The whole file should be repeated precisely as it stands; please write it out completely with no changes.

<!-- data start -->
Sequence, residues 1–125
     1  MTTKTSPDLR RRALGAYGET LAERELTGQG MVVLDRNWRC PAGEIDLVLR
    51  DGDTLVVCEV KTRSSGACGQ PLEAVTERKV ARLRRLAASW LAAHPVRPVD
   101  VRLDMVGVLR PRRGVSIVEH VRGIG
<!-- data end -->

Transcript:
Sequence, residues 1–125
     1  MTTKTSPDLR RRALGAYGET LAERELTGQG MVVLDRNWRC PAGEIDLVLR
    51  DGDTLVVCEV KTRSSGACGQ PLEAVTERKV ARLRRLAASW LAAHPVRPVD
   101  VRLDMVGVLR PRRGVSIVEH VRGIG